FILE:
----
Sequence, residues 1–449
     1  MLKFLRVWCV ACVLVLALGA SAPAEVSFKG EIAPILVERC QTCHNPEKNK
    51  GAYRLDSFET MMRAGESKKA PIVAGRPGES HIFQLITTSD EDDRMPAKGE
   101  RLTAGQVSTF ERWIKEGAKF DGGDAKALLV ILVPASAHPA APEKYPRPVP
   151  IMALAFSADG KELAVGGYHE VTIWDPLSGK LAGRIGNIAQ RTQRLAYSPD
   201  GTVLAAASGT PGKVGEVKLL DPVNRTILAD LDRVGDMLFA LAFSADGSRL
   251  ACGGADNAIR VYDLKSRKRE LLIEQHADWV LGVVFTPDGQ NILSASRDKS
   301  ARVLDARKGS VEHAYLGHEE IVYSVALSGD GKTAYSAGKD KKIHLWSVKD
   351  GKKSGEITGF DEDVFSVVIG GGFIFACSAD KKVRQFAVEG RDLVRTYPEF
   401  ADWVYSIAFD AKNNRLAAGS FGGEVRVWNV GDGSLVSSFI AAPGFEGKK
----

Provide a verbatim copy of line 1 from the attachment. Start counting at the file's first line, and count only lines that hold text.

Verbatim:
Sequence, residues 1–449